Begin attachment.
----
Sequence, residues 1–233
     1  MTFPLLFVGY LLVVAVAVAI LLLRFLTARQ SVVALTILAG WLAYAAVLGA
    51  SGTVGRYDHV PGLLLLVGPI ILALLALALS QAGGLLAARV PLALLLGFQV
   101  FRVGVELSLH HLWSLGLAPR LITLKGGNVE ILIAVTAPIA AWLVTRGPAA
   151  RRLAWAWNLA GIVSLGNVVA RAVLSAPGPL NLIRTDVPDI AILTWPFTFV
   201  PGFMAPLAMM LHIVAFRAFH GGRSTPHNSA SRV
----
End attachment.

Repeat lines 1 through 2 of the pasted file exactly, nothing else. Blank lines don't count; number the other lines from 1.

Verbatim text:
Sequence, residues 1–233
     1  MTFPLLFVGY LLVVAVAVAI LLLRFLTARQ SVVALTILAG WLAYAAVLGA